3. DreamWorks Animation
Employee morale: 4.2
When effects artist Kyle Maxwell emailed DreamWorks CEO Jeffrey Katzenberg that the company needed a panini machine, the media mogul said OK, and thanked the 25-year-old in the next meeting, reported CNN Money.
The creative spirit fostered at the birthplace of "Shrek," "Kung Fu Panda" and "Madacascar" applies even to its cuisine, which has "a focus on healthy and varies options," according to one employee.
4. Susquehanna International Group
Employee morale: 4.1
The global financial institution offers it employees free lunch daily with "many different healthy choices," according to one employee. Self-serve breakfast items are also available. This might be because Susquehanna, founded by a few college friends, has maintained an "innovative and forward thinking" collegial vibe.
Employee morale: 3.8
The world's largest professional network has carried on Silicon Valley's tradition of fine free eats. The food, one marketing employee remarks, is "unlimited."
Employee morale: 3.8
The company behind the popular travel website provides its employees with catered lunches. It's a "nice perk," said one software engineer. TripAdvisor also offers free snacks and beverages, and in the style of many startups, has no formal dress code and a wealth of other benefits.
Employee morale: 3.7
This financial data and software company provides free lunches four days a week, and has an open-stocked kitchen, which one systems engineer claims is "a good way to keep up morale and improve productivity at relatively low cost."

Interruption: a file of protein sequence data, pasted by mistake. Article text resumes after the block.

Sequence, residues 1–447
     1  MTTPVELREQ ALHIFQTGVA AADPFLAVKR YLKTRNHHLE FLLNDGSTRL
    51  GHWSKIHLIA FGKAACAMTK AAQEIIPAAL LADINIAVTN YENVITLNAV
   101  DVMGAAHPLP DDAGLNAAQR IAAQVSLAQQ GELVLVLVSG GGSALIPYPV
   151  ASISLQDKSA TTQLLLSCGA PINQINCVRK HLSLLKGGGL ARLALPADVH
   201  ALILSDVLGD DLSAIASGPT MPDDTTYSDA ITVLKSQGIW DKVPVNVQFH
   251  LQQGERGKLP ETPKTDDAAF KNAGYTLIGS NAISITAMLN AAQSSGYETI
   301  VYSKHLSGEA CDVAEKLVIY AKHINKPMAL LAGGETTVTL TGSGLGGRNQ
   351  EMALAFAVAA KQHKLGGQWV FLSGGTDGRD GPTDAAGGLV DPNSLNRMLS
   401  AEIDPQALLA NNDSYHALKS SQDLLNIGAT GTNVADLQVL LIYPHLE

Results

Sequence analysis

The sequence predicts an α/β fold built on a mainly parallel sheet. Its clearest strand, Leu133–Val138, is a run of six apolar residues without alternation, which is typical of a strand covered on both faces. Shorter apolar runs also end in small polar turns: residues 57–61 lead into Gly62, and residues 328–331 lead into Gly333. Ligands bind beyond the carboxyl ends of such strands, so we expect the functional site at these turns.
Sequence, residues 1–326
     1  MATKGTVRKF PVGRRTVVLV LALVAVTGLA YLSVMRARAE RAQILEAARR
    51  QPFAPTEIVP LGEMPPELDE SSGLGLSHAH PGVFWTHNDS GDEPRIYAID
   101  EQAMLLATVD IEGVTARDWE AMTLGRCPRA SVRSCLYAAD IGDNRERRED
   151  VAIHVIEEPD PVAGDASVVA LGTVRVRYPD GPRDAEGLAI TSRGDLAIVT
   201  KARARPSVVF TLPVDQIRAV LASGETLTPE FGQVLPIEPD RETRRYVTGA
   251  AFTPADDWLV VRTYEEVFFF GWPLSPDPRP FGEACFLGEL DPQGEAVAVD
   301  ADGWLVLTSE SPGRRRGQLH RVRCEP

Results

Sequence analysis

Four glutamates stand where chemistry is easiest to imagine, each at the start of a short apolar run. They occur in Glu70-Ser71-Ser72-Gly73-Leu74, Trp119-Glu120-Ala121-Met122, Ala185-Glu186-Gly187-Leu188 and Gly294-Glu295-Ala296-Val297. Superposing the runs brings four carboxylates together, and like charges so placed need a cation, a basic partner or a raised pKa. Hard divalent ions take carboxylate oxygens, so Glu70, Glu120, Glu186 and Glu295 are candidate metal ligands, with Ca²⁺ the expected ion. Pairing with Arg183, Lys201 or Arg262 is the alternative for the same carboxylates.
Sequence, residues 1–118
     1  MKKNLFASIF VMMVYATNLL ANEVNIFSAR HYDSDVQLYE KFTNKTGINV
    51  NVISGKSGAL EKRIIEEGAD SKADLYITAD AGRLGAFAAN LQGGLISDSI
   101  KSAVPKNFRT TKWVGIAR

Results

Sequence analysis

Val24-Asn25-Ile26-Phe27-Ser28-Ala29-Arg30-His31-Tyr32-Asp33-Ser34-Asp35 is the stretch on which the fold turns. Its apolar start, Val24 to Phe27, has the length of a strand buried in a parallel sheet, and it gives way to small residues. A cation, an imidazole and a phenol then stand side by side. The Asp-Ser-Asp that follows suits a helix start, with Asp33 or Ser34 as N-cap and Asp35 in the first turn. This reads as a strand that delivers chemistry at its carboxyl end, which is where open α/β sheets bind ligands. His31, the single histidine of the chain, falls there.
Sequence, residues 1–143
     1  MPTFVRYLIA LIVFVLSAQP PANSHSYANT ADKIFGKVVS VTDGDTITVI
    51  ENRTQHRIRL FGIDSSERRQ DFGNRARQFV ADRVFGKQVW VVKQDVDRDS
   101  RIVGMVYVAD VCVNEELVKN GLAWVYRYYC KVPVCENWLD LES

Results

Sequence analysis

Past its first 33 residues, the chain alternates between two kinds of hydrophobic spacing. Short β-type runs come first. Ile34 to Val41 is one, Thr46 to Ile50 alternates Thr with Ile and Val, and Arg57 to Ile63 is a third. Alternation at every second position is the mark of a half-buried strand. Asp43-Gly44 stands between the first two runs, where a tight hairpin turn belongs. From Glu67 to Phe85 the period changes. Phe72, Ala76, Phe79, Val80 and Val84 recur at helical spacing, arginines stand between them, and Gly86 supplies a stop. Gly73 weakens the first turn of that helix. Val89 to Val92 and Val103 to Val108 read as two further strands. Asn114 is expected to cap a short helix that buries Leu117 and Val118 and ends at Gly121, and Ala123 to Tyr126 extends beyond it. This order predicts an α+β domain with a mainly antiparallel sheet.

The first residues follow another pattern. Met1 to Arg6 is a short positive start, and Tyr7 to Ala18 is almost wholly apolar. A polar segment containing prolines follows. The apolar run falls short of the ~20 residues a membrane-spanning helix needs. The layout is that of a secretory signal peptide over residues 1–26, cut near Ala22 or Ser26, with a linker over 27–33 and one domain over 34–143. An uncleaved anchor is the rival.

Employee morale: 3.1
Back in 1995, Michael Bloomberg told Fast Company magazine: "I want people to be well-fed and satisfied. I want them to be able to grab a cup of coffee with a colleague and hash things out. But most of all I want them to stay here. I don't want them leaving."
These days, employees at Bloomberg's financial data business get free continental breakfast daily, according to one employee, as well as complimentary snacks.
Employee morale: 2.8
"You can get lots of free T-shirts, free pizza and free beer," said one software engineer at the world's largest social network game developer. Zynga offers vegan cookies and coconut water as complimentary snacks, as well as free haircuts and reflexology sessions. This might be part of the reason that the creator of Farmville has a voluntary attrition rate of less than 1 percent, according to the Los Angeles Times.
10. Marvell Technology
Employee morale: 2.6
In reviews, most employees mention the company's cafeteria as one of the major pros. "The cafeteria serves great quality food that rivals food at Google," said one employee about the semiconductor company.
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Claire Gordon has contributed to Slate's DoubleX, the Huffington Post, and the book Prisons: Current Controversies. While an undergraduate at Yale University and a research fellow at Yale graduate school, she spoke on panels at Yale and Cornell, and reported from Cairo, Tokyo, and Berlin.